Richard Florida points out that the US has no long-term economic strategy.
I imagine in both cases our federal structures are impediments to economic nation-building. States and provinces are protective of their constitutional powers and naturally they put their self-interest ahead of the nation’s.
In Canada, for example, Alberta charges ahead with oil production while Ontario struggles with deindustrialization. Yes, Alberta is the only thing keeping the Canadian economy’s final tally in the black, but it could also be speeding the collapse of manufacturing in Ontario.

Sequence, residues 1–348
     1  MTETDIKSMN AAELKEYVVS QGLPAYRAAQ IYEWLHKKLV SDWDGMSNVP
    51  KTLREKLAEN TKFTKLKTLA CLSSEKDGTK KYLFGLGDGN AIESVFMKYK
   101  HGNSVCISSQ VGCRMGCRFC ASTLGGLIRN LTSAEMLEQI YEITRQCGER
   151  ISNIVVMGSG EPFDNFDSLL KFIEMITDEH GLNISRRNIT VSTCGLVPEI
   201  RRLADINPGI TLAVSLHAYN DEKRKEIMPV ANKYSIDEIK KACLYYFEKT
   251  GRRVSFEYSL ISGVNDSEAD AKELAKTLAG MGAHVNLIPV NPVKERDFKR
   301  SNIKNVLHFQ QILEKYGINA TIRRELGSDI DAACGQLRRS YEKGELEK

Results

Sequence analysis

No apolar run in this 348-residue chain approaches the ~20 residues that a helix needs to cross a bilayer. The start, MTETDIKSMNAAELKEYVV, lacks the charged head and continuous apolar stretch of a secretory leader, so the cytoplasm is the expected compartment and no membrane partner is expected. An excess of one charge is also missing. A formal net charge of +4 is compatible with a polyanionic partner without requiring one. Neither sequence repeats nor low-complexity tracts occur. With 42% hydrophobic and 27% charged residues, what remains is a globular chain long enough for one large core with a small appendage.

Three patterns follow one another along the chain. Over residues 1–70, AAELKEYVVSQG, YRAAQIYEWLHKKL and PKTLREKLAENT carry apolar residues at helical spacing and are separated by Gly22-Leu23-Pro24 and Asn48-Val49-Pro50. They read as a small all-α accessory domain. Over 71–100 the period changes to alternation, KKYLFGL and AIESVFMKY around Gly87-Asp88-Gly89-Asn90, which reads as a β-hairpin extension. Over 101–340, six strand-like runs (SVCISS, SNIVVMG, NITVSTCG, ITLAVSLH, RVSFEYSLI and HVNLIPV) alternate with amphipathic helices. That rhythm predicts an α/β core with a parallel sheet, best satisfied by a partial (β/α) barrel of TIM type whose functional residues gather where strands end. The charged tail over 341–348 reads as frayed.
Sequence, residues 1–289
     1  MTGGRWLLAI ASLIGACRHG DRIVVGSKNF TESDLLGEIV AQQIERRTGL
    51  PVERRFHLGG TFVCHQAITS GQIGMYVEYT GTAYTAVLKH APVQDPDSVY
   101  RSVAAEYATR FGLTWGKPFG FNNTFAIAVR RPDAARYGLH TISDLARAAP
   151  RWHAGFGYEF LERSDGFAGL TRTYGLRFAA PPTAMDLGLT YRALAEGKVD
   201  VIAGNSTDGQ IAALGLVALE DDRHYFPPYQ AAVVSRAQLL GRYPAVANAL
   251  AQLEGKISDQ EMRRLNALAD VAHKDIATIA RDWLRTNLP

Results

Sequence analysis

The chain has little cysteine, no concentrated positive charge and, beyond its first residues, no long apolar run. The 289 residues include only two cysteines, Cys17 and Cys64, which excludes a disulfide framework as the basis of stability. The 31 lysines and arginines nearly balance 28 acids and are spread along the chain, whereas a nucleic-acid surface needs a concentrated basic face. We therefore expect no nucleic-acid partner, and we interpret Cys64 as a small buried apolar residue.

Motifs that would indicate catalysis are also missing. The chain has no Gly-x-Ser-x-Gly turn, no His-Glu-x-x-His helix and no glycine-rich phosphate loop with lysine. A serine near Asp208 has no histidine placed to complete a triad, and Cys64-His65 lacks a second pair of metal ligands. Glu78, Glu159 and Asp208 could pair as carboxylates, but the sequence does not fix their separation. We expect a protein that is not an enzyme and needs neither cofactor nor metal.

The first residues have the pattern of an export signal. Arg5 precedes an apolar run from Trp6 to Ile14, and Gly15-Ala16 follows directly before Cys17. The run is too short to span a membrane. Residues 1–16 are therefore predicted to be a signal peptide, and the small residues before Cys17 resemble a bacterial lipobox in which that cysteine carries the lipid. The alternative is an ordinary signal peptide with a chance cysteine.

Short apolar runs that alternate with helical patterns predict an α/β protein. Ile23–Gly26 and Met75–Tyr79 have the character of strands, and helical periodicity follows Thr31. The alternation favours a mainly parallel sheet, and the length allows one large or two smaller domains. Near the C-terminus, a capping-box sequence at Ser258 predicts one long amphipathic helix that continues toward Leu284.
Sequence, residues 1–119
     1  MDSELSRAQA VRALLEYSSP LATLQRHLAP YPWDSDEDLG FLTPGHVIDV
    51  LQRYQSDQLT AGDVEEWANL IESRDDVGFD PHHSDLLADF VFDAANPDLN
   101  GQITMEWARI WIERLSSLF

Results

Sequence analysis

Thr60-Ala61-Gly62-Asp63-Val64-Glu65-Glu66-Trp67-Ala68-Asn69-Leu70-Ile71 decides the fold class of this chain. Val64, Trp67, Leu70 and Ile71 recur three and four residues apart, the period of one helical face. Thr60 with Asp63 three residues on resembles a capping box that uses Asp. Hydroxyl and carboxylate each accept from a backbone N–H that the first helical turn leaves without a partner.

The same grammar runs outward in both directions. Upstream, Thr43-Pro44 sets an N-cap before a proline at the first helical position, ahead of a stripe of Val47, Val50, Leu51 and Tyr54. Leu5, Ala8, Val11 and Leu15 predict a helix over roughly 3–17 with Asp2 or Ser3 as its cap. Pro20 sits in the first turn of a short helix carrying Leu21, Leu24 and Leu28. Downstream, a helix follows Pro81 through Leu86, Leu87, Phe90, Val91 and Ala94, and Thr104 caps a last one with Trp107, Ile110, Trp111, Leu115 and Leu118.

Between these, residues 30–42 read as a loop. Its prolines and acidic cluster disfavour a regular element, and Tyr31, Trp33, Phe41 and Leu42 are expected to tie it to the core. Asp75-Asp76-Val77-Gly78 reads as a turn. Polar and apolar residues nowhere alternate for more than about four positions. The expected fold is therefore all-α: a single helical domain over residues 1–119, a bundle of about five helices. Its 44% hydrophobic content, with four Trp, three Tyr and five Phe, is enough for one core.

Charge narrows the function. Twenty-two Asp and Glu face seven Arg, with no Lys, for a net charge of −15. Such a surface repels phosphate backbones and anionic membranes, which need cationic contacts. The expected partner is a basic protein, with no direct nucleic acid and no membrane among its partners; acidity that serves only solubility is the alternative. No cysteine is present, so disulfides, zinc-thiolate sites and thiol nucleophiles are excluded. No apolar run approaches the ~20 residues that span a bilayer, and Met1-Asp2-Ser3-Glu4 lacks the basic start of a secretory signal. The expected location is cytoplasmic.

It would be reassuring if the federal government had a long term-plan for Canada’s economy. Alberta and Saskatchewan are at the mercy of resource markets today, and will face water shortages in the future. Ontario, centred on Toronto, is ready for deindustrialization, but it will be painful for a lot of people if they are left out of the new economy. These kinds of issues are extremely important, and there is probably more the government can do to assure a prosperous future than to deal with the current market crises.
My fear is that the federal government is taking a short-term approach to our economic challenges, and letting the provinces lead will take the country in an unproductive direction.